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The focus of my journey is now on trying to help reach the tipping point in positive, scientific based horse training. To bring science into the work, and training out of the dark ages. Having seen the joy that positive reinforcement training brings to both partners in the horse - human relationship over the past 17 or so years, there is no going back...

 

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Cue Transfer: Part 2

October 22, 2013

I hope you all had fun playing with transferring the head down cue from the lead to a lifted hand. Now let’s look another cue transfer. I now want Oli to put his head down when I turn on the clippers. Once again, I go through the same process and would not do this transfer until the old cue of hand above head was solid.

 

Clippers turned on as new cue for head down…

 

…followed by presentation of old cue of hand above head. Remember to present the new cue of the sound of the clippers followed quickly with the old cue of hand above head until he starts to drop his head at the sound of the clippers.

 

Very soon Oli would drop his head at the sound of the clippers alone.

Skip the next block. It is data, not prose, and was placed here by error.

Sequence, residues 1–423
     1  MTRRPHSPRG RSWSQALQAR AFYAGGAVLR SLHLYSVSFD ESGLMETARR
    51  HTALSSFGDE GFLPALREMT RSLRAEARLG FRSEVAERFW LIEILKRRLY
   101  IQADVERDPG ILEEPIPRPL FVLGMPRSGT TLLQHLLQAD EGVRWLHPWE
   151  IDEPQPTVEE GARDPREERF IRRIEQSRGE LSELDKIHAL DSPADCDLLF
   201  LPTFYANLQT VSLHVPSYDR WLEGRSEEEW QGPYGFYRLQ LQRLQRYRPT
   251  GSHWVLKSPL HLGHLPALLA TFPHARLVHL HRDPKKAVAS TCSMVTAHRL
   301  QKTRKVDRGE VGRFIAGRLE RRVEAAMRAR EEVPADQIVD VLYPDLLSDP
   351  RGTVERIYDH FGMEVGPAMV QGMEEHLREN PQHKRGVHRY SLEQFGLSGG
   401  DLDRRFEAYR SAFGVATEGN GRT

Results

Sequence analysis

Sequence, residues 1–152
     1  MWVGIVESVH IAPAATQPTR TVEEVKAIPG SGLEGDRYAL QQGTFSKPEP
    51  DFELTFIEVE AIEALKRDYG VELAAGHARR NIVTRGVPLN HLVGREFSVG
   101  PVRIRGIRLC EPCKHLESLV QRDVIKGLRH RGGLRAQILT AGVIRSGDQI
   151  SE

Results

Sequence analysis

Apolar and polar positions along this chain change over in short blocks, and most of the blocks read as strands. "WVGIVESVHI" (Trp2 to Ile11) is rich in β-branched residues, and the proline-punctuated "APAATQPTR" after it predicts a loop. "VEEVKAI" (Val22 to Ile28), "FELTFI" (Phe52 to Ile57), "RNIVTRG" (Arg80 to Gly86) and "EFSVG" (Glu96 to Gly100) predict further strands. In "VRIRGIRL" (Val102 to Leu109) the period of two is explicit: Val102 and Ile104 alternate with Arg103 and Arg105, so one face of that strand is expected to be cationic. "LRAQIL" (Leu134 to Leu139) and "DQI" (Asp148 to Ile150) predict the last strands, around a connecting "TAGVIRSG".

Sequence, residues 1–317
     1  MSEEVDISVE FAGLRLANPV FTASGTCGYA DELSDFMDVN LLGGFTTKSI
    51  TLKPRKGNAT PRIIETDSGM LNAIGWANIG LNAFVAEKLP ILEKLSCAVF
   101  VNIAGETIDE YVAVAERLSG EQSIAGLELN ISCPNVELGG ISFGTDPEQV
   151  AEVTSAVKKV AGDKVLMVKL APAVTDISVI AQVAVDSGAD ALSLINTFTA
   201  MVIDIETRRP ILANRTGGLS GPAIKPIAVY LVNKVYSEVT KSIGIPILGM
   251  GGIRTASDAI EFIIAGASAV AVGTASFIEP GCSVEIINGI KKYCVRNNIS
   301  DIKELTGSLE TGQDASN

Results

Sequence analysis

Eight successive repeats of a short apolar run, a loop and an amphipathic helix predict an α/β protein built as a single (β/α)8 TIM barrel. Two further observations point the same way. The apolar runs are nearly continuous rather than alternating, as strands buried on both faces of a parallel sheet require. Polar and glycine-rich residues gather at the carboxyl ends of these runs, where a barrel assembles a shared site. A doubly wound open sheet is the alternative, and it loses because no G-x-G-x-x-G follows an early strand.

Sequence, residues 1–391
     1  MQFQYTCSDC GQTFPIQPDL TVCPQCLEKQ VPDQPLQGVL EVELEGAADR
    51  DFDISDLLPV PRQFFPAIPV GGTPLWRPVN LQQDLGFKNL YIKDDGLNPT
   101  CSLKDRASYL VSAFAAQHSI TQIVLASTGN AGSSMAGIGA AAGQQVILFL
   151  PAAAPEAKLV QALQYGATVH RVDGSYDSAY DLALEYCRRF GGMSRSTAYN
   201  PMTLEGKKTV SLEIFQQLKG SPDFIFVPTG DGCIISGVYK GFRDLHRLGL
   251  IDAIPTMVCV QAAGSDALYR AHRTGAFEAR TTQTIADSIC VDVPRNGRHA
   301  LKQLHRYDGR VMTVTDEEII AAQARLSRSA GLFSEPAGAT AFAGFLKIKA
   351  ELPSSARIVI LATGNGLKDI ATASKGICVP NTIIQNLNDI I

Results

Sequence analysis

To review – when he dropped his head first with the old hand cue paired with the new cue of the clippers, he got clicked and treated for head down. Soon with just the sound of the clippers he would drop his head and earn a click and treat. Now Sarah could turn on the clippers and Oli would drop his head. If he was hesitant she could always add back in the old cue of the raised hand or the lift of the rope to help him remember they all meant head down.

 

The final step in this would be to approach Oli closer with the clippers and click and treat for his keeping his head down. During this stage one must be aware of his mental state with regards to the clippers getting closer. If he shows signs of distress then move the clippers away and click and treat him at that distance until he become comfortable and then move them a bit closer all the time monitoring his emotions and staying below threshold. We are not forcing him to accept the clippers we are allowing him to choose to be ok with them – a huge difference! Oli had not had any experience with the clippers so there were no poisoned cues associated with them so he just took it all in stride; one of the great side effects of starting a young horse with clicker training.

 

Remember to build duration slowly and click and treat often!

 

Now how cool is it to have a horse that drops his head at the sound of the clippers and keep it down for clipping? Pretty cool behaviour if you ask me. And an especially useful behaviour in a really tall horse!

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